As far as the latest series between Yankees and Royals, I think its becoming harder and harder to take young ones to the games. Personally, I think no children should be admitted until they are actually playing the game. I also don’t like how baseball which is suppose to be fan friendly is now denigrating women with their promotions in the 1970s it was halter top day last night it was “Ladies Night” or shall I rephrase that lets watch young adult women get extremely drunk who know nothing about the game night. My final pet peeve, I know it is fashionable to wear team attire, but could you at least where the team colors that go along with it! I know of know team in baseball not even the San Francisco Giants who wear PINK.

Rick Calohan said...

Well, after a week of starting a new job and seeing all four Yankees – Royals games it is nice to avoid traffic and fast food and catch up on life. While at the K (although I still call it Royals Stadium) I kept, hoping to hear that Bonds broke the record, (not because I want him to but I wanted to see the fan reaction)My love of the game came naturally in an era before soccer fields (no offense) were the norm. I grew up on the Northeast side of Kansas City where boys (yes girls did not play with our group) on my block every spring summer and fall were gather in our various field of dreams immolating players of our era.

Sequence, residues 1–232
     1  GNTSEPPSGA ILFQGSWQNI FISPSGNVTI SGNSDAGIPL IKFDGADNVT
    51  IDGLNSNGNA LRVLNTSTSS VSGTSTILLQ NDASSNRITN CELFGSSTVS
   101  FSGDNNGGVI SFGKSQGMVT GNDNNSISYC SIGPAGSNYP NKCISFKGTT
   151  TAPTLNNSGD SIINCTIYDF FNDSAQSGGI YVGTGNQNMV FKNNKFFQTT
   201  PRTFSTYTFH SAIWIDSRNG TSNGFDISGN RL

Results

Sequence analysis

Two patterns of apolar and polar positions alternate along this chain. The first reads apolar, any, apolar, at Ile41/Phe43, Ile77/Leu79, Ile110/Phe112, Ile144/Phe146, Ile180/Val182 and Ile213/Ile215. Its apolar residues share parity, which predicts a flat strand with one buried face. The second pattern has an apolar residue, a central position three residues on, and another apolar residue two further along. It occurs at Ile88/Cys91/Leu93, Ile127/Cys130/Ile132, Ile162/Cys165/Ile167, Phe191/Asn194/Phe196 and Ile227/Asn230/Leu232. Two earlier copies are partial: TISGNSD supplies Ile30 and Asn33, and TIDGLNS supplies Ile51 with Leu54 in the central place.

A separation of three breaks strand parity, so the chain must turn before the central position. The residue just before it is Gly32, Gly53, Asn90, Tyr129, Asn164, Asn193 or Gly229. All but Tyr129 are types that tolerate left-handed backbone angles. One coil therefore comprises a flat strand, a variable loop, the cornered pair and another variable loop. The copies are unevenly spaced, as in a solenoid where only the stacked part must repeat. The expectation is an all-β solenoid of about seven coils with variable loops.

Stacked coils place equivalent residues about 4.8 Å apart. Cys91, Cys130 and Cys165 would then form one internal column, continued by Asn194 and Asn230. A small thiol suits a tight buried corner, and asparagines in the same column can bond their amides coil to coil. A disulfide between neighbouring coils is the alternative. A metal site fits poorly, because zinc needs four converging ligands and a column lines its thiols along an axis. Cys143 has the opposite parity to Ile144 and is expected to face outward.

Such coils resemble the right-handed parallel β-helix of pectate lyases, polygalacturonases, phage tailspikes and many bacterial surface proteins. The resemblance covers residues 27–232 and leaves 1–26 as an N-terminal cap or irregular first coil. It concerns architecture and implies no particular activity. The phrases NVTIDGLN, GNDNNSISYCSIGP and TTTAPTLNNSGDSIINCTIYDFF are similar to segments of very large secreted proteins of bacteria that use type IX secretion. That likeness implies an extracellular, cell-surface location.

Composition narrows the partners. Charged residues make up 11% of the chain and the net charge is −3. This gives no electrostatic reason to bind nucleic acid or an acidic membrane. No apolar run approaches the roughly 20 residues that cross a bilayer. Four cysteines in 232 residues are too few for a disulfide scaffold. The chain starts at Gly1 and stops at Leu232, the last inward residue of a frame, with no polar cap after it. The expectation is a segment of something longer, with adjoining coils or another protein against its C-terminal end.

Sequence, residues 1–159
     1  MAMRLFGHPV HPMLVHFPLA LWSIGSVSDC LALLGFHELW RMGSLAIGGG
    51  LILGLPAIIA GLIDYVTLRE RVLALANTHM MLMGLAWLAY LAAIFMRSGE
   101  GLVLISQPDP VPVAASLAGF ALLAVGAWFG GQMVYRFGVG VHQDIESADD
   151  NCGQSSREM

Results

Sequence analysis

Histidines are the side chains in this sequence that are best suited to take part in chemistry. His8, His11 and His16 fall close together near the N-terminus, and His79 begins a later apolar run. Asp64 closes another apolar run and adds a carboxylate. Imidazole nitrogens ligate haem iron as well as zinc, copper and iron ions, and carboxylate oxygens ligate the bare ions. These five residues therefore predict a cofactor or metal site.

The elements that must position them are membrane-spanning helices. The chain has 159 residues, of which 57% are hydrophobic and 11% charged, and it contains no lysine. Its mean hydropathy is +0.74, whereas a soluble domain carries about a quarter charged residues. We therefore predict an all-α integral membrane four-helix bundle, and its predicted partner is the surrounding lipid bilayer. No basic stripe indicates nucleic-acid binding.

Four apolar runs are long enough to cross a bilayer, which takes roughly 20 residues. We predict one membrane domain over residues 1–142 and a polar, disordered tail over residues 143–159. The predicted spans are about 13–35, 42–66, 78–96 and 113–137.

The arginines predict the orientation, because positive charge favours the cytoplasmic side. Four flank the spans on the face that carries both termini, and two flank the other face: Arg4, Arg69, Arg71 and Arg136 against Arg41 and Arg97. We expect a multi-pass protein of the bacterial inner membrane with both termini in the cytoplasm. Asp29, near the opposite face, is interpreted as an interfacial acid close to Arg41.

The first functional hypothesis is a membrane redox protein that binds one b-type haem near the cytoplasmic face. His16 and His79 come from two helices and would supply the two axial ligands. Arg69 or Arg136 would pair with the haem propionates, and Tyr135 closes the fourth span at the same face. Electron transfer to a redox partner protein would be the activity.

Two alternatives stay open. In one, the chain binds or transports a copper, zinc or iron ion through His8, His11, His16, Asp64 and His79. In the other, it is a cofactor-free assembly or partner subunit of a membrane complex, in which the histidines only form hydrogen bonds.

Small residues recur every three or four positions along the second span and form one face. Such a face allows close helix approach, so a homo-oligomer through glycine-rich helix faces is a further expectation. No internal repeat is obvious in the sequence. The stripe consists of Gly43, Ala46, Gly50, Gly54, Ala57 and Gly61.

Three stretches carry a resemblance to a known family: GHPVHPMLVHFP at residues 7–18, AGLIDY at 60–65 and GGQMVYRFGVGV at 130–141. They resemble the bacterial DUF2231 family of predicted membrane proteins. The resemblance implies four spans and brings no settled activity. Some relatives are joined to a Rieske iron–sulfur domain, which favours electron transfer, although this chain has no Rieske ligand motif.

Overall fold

My first game was June 6, 1976 between the Milwaukee Brewers and the Kansas City Royals, I was 9 years old out in the hot sun, and I saw Hank Aaron who pinched hit for Bill Sharp Aaron was intentionally walked by Steve Mingori in the top of the 11th of a 14-inning ball game. The Brewers pinched run for Hank Aaron Gorman Thomas. Wednesday night I saw Alex Rodriquez hit his 499th homerun as the New York Yankees won another blow out game over the Kansas City Royals. I have made it a point since 2003 to attend every Cardinals-Royals and every Yankees-Royals series. I love baseball, I have since I played in my youth on the plains of Missouri.
Now why am I a fan of the game? Any kid including me could play. Even if it was three on three pick up games, “Indian” Ball, or “step ball” we played because it was fun! It was the best part of summer before adolescence took over. You could play for hours or until sundown.